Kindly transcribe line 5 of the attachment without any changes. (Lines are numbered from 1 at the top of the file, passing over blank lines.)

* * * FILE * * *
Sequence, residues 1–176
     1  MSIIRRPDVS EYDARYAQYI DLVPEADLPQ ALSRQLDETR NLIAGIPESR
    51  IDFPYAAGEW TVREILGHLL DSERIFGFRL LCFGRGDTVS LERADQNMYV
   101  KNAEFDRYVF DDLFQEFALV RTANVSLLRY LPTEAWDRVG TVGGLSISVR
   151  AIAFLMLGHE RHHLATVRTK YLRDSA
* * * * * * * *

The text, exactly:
   151  AIAFLMLGHE RHHLATVRTK YLRDSA